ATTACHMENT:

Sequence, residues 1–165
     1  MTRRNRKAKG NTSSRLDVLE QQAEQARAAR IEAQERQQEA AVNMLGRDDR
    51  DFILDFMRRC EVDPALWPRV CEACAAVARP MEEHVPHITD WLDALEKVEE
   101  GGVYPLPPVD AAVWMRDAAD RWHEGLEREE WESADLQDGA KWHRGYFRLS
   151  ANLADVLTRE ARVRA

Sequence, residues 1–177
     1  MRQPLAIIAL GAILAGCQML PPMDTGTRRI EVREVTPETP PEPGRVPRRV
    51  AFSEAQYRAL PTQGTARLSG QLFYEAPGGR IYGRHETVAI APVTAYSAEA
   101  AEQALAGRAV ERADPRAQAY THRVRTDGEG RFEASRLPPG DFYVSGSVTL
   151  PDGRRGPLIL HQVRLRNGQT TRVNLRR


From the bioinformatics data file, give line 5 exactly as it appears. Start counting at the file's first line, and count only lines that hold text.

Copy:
   151  ANLADVLTRE ARVRA